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Cyprus Internet Directory [ Our View: Christofias’ filibustering over bailout causing untold damage ]

Our View: Christofias’ filibustering over bailout causing untold damage

WHEN the government applied to the European support mechanism, in late June, many of us believed that President Christofias, having no funding options, would be forced to sanction the tough measures he had avoided taking in the last two years. How wrong we were to even entertain such an idea.

Two-and-a-half months later it is becoming apparent that he has no intention of taking the necessary unpopular measures - cutting pay and pensions, privatising state corporations, reducing benefits, scrapping CoLA, etc - and his only objective is to buy time, in the hope of seeing out his term without signing a bailout agreement.

This is why the government has done nothing to prepare people for an austerity package - there have not even been consultations with the social partners - engaging instead in Christofias’ favourite tactic of filibustering. Representatives of the troika completed their consultations in Cyprus before the end of July and delivered a document with its proposals to the government before departing, but the government has been dragging its feet ever since.

Finance Minister Vasos Shiarly claimed, earlier this week, that “consultations are at a advanced stage”, but insisted the government had “never promised to submit counter-proposals within August”. Troika representatives have been invited back to Cyprus in the second half of September - another indication of the total lack of urgency - but it is highly unlikely the government will be ready to finalise a bailout deal by then.

AKEL chief Andros Kyprianou’s gave a demonstration of the government’s filibustering intentions on Thursday, when he said the troika had submitted ideas - not proposals - that would be discussed before the Cypriot side tabled its counter-proposals. “It is very early for anyone to take a stance concerning what they will do when the troika submits any proposals,” he said, suggesting there was no rush while also hinting at the possibility of rejecting the bailout terms.

As for the government, it has been calculatingly avoiding the issue. It has had no discussions with the ‘social partners’, in preparation for austerity measures nor has the president deemed it necessary to discuss these with party leaders, in an effort to forge a united front. His spokesmen have instead been lambasting the DISY leader for his positions on the Cyprus problem and pillorying the former governor of the Central Bank for the banking crisis.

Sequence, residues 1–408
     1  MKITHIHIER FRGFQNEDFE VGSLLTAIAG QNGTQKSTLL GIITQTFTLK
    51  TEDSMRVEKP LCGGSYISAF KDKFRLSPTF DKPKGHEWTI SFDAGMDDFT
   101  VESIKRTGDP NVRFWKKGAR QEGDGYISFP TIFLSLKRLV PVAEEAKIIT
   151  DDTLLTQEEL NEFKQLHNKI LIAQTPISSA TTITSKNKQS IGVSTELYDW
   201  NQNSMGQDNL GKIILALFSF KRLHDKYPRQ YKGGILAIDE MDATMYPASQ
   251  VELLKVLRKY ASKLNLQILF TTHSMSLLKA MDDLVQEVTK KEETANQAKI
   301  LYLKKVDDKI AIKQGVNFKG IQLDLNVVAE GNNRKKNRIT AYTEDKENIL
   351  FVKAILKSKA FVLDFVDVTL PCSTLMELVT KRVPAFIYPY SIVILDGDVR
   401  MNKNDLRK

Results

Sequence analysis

There is also the much-trumpeted issue of the Russian loan, which the government keeps slipping into public debate in a transparent attempt to divert attention away from its inaction. Nobody knows whether the €5 billion loan will be given (neither Shiarly nor any government official could confirm a press report claiming it had been secured), but even if it were, it would change nothing with regard to the bailout terms, as the government has been claiming.

The indecision and filibustering are causing great harm to the economy, by cultivating additional insecurity and uncertainty. Nobody knows what will happen. Will the government reject the troika’s bailout terms or will it persist with its delaying tactics in the hope of avoiding a decision until Christofias leaves office? Perhaps it will sign the bailout agreement and then refuse to implement its terms on the grounds that the ‘social partners’ were opposed to them. 

Prolonging the uncertainty is more damaging than any austerity package as it kills business initiative. Nobody will take an investment risk, as long as the possibility of rejecting a bailout exists, because this would lead to a collapse of the banks and the end of Cyprus as a financial services centre. Nobody in the government seems to understand that the immediate re-capitalisation of the banks is a dire necessity for the economy to have a future. Delaying it not only prolongs the economic uncertainty but also puts the survival of the banking system at great risk. 

These risks and the uncertainty they fuel will only be eliminated when the bailout agreement is signed. Austerity measures will be unpopular as living standards will fall and the economy contract. But at least public finances would be put on a sound basis and the banking sector would be able to support business activity again, as re-capitalisation would allow the banks to start lending money, presumably at lower interest rates. 

The path to economic recovery and growth, which all our politicians pay lip service to, passes through a bailout and austerity. But someone must first persuade the deluded and reckless populist Christofias that the heroic path of resistance to the troika he wants to follow will lead inexorably to destitution and despair.



(Source: Cyprus Mail)
Copyright © Cyprus Mail 2008 Please contact Cyprus Mail for the copyright terms of this article.

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